16. 3 points
    Adelaide9216

    Day 1 - Ph.D

    The professor emailed me today to tell me that my last summary was excellent. I did not ask for it. So it's reassuring.
  17. 3 points
    Nicator

    Writing an MA Thesis - Should I?

    I was able to get 2 peer-reviewed publications out of my MPhil thesis, one of which served as my writing sample for my PhD applications. Obviously speak to your advisor to get their opinion, but from personal experience my Master's thesis did a lot for me personally and professionally and I'd heartily recommend it.
  18. 3 points
    TMP

    Writing an MA Thesis - Should I?

    I almost spit out my wine just reading that the thesis is considered "dead" in your program. Do investigate the outcomes of students who did the thesis and those who did not, and whether those who went onto the PhD did do a thesis. Do know that teaching does take up a LOT of time. If you're thinking of teaching instead of the PhD, find out the licensing requirements of your prospective state. Do know that not everyone is passionate about research as you are. Those who take the teaching internship are in the MA just to teach in 6-12, not much interest in the PhD. If the PhD is what you want, then who cares what other students do? Just find a supportive thesis adviser who will help you see this project through. One of the toughest things one has to learn in a PhD program is to move away from the pack of group-thinkers and fly solo.
  19. 3 points
    Maturenotwise

    Canada MSW 2019

    I also got an acceptance letter today via email for Wilfrid Laurier, January 2020 start!! Good luck everyone! It came earlier than I anticipated
  20. 3 points
    FWIW, I produced a master's report that ended up being, I'm told, longer than many thesis. (I've not had coffee this morning, I can't remember why I picked the report option over the thesis option.) The report served as a writing sample that helped me get into another program when I 'transferred' and (to @AfricanusCrowther's point) the job I currently have, which is bean counting and writing reports about beans. If you pick a good topic and frame it well, your thesis can help you get your head around what you want to do for a dissertation. On the other hand, you may end up with an advisor who may want you to pick a different topic for your dissertation for reasons that are vague, if not self serving. (But I'm not bitter.) (I am rambling. Coffee needed.) TLDR. The thesis can help you be a more competitive applicant for doctoral programs, provide invaluable experience performing research and crafting historiographically significant arguments, and help you in the job market if you leave the Ivory Tower. But I recommend that you pick a topic informed by the understanding that you may face obstacles if you want to use the thesis as a basis for a doctoral dissertation.
  21. 3 points
    Mjones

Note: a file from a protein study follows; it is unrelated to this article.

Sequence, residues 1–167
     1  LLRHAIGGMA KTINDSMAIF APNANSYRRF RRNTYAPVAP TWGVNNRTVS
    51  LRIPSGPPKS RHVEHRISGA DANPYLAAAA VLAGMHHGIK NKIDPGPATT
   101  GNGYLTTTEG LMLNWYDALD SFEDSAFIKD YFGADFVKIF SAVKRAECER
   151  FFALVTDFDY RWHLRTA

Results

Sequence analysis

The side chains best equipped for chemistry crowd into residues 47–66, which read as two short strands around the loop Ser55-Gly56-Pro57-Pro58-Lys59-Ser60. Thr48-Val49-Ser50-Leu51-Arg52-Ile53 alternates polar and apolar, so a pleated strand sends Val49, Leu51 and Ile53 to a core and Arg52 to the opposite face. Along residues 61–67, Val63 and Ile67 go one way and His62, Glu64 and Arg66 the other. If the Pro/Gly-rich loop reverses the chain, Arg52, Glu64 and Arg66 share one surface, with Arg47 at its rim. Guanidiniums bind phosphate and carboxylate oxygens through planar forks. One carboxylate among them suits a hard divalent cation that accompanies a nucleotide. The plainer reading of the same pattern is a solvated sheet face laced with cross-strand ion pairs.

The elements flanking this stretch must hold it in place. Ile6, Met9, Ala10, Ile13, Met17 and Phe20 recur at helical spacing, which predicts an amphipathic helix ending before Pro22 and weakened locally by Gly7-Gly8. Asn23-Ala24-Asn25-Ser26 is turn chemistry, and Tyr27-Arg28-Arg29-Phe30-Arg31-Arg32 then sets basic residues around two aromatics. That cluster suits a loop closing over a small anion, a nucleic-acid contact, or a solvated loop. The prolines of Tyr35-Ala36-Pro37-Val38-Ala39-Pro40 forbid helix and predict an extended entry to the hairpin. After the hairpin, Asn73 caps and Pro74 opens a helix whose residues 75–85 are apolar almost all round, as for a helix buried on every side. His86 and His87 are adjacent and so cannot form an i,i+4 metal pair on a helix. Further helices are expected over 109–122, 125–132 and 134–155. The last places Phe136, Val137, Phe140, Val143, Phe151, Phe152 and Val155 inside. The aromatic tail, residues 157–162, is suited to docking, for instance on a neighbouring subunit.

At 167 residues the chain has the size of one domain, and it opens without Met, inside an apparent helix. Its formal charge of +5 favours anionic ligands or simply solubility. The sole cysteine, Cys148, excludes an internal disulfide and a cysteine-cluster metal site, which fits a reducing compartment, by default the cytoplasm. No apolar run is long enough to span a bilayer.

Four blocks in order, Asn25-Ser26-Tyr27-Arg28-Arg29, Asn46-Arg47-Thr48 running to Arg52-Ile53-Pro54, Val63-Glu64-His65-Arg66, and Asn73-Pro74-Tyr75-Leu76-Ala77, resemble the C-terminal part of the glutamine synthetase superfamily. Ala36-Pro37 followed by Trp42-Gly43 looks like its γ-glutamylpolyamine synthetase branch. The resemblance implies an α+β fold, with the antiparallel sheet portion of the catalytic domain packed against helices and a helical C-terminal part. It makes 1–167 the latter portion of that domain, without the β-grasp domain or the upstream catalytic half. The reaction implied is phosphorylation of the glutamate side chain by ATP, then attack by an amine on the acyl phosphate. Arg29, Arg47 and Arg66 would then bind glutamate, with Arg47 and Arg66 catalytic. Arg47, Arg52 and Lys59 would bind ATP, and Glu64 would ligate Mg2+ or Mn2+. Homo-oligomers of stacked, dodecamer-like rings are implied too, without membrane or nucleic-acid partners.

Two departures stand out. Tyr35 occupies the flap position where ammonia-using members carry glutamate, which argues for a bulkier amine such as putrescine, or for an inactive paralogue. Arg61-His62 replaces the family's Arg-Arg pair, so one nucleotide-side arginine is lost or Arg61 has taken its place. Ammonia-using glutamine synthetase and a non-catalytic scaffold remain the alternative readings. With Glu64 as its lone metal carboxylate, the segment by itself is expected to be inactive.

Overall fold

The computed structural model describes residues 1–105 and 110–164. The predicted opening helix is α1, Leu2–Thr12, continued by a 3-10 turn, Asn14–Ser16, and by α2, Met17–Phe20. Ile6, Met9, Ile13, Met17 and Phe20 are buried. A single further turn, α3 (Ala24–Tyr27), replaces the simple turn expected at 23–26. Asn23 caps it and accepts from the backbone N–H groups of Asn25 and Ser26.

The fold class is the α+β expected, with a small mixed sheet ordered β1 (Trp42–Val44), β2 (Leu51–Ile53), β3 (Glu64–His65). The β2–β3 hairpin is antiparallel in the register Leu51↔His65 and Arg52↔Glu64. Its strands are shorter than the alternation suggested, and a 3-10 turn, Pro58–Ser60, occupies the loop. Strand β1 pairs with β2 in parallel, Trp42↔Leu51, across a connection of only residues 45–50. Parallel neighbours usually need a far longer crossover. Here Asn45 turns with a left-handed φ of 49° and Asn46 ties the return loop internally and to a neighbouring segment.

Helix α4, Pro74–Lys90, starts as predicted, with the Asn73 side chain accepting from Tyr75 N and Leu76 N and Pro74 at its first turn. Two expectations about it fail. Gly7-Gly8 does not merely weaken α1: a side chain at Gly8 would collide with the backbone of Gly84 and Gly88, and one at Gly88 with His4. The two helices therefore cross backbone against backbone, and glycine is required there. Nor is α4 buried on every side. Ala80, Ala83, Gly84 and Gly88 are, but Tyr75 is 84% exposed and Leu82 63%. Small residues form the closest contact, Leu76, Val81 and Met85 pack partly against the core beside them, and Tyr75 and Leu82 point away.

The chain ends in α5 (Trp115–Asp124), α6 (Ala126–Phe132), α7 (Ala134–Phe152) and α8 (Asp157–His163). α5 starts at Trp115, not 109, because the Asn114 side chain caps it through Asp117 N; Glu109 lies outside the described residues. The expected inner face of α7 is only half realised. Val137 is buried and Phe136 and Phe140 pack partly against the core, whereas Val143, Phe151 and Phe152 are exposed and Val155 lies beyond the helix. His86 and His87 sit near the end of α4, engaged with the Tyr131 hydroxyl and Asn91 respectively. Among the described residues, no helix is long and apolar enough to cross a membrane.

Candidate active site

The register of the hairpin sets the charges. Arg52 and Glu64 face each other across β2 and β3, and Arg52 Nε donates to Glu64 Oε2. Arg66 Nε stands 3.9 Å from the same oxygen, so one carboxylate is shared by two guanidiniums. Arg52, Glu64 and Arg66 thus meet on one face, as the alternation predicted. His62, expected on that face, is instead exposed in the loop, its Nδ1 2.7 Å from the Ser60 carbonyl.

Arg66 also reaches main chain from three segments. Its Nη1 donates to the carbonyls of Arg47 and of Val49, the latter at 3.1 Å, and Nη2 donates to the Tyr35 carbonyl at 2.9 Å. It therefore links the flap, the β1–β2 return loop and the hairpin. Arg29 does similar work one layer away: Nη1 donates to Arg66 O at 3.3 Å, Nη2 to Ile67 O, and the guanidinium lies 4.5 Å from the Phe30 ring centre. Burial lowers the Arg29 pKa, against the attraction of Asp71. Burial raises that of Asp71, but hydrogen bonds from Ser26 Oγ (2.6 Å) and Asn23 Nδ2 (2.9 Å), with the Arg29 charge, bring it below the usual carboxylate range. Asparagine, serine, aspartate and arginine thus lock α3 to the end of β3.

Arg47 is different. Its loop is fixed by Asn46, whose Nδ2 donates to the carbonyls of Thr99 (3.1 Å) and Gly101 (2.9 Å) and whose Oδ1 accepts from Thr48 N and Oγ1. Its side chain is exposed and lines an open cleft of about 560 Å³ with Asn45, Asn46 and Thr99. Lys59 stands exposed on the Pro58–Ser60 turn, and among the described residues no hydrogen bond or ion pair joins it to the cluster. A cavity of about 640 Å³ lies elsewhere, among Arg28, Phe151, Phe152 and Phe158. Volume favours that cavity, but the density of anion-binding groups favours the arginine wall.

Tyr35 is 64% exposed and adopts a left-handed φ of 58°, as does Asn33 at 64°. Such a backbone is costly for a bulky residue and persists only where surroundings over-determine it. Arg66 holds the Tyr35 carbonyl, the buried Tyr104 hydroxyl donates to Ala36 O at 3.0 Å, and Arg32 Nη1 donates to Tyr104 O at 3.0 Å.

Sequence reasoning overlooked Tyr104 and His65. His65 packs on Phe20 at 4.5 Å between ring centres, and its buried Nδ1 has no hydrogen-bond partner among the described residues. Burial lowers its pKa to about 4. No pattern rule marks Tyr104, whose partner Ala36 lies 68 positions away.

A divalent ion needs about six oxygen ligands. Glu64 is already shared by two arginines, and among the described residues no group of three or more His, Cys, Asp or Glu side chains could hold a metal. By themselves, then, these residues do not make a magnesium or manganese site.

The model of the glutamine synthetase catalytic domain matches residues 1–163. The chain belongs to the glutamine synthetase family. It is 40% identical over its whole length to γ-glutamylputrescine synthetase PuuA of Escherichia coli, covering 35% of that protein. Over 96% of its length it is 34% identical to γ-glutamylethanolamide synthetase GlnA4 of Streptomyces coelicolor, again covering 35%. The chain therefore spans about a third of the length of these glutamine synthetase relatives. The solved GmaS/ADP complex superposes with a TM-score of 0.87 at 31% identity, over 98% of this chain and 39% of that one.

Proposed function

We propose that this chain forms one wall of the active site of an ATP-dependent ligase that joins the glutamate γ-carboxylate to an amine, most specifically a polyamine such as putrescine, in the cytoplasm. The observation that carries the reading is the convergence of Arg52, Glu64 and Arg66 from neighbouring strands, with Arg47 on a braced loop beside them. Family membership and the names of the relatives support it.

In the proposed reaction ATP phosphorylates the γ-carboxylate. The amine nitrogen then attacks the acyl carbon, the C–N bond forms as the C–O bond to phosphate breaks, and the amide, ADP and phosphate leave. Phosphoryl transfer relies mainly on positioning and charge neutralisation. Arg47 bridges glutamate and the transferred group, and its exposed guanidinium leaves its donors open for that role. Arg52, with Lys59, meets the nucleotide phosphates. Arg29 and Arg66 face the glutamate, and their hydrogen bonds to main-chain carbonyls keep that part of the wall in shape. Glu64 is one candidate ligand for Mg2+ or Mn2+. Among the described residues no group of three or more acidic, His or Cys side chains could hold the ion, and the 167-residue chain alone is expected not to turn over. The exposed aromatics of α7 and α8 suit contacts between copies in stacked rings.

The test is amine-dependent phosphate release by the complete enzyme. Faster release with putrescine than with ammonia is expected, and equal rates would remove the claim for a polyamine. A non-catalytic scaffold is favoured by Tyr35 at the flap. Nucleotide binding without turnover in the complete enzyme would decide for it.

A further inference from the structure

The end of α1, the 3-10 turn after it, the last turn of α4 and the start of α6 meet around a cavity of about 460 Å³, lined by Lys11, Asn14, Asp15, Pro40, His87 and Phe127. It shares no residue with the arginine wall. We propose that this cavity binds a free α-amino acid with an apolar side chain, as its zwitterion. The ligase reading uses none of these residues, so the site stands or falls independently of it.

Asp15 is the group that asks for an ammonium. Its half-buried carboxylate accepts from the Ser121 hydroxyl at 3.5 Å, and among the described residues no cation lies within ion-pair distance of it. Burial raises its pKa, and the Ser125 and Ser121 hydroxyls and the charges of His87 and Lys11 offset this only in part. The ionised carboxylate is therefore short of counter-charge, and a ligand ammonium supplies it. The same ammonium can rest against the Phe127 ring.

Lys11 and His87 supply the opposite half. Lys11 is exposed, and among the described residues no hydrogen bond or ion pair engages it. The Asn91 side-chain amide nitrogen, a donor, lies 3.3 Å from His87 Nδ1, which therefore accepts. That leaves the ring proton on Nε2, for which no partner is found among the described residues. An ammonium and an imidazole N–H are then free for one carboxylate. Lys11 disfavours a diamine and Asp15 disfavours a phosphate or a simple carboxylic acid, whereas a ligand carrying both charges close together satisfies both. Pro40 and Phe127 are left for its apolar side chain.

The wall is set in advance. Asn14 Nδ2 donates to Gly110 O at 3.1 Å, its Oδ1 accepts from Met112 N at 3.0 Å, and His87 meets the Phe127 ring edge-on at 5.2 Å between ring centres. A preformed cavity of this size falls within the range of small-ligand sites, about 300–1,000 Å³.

Canada MSW 2019

    I just recieved an email that I got into sir wilfred laurier advanced msw program. It's a good day today. Good luck to everyone else on here that applied. I hope you get in.
  22. 3 points
    Sigaba

    Overwhelming Readings in Cousework

    Exceptions to this rule of thumb will include books that are described as "works that one ignores at one's peril." Or "essential reading." Or works that generate significant scholarly debate. Sometimes "the standard work on..." Pay attention to how your professors roll through reading lists/bibliographies. Make eye contact. Pay attention to the body language. More often than not, non verbal cues are being given as to the level of effort one should give to reading it. (The most helpful verbal cue is any mention of a book being used as a "reference." That descriptor means that one is only expected to read every word of it if it's directly in one's historiographical wheel house. And even then, lots of skimming will be in order._ Notice how they can summarize 800+ page books in two sentences, if not one. Did they read every word and every footnote? Even if they did or didn't, the challenge you face is learning how to get what you need from a work with the least amount of effort and then move on to the next work. (Four additional tactics. First, find articles by a historian that were published before a major work. Often--but not always--articles serve as blueprints for ongoing projects. Second, read book reviews written by the historian whose work you're reading. This can sometimes help you kill two birds with one stone. Third, start making a habit of reading all relevant short book reviews in the top journals in your field. Fourth, if you come across a book that really moves you, give yourself permission to read it at a more leisurely pace -- even if doing so sets you back a bit with your other reading and/or leads to some longer nights.) A caveat. The tactics presented in this thread (and others in this forum) entail risk. Eventually, you will get something wrong and/or someone will want to pull your card and play stump the band. Under such circumstances, know what to say and how to say it. Phrases like I think I missed that point or I will have to circle back to that argument will work well enough. Under no circumstances should you fib. If you get feed back like "sometimes [insert name] seems under prepared" then it is probably time to switch up your reading tactics and to work much harder.
  23. 3 points